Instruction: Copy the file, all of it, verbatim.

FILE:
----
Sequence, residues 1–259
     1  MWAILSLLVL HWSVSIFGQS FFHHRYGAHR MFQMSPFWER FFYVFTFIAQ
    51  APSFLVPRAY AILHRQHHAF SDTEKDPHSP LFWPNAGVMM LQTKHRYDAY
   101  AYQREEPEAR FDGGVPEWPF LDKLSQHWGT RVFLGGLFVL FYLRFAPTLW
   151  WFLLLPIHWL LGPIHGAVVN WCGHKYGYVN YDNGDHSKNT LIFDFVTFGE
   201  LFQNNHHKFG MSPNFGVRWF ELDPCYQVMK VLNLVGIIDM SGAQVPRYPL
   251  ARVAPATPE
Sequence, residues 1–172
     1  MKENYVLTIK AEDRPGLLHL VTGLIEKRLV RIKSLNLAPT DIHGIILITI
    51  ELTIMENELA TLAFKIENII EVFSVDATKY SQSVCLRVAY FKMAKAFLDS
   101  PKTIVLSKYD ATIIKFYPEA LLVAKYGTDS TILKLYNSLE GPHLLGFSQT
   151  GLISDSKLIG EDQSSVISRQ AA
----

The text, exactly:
Sequence, residues 1–259
     1  MWAILSLLVL HWSVSIFGQS FFHHRYGAHR MFQMSPFWER FFYVFTFIAQ
    51  APSFLVPRAY AILHRQHHAF SDTEKDPHSP LFWPNAGVMM LQTKHRYDAY
   101  AYQREEPEAR FDGGVPEWPF LDKLSQHWGT RVFLGGLFVL FYLRFAPTLW
   151  WFLLLPIHWL LGPIHGAVVN WCGHKYGYVN YDNGDHSKNT LIFDFVTFGE
   201  LFQNNHHKFG MSPNFGVRWF ELDPCYQVMK VLNLVGIIDM SGAQVPRYPL
   251  ARVAPATPE
Sequence, residues 1–172
     1  MKENYVLTIK AEDRPGLLHL VTGLIEKRLV RIKSLNLAPT DIHGIILITI
    51  ELTIMENELA TLAFKIENII EVFSVDATKY SQSVCLRVAY FKMAKAFLDS
   101  PKTIVLSKYD ATIIKFYPEA LLVAKYGTDS TILKLYNSLE GPHLLGFSQT
   151  GLISDSKLIG EDQSSVISRQ AA